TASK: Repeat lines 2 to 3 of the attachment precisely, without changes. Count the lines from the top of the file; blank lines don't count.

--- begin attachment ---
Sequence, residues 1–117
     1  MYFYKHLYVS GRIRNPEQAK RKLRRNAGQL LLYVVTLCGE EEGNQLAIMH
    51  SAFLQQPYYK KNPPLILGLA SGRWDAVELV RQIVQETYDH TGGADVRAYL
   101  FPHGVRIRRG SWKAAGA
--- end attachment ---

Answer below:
     1  MYFYKHLYVS GRIRNPEQAK RKLRRNAGQL LLYVVTLCGE EEGNQLAIMH
    51  SAFLQQPYYK KNPPLILGLA SGRWDAVELV RQIVQETYDH TGGADVRAYL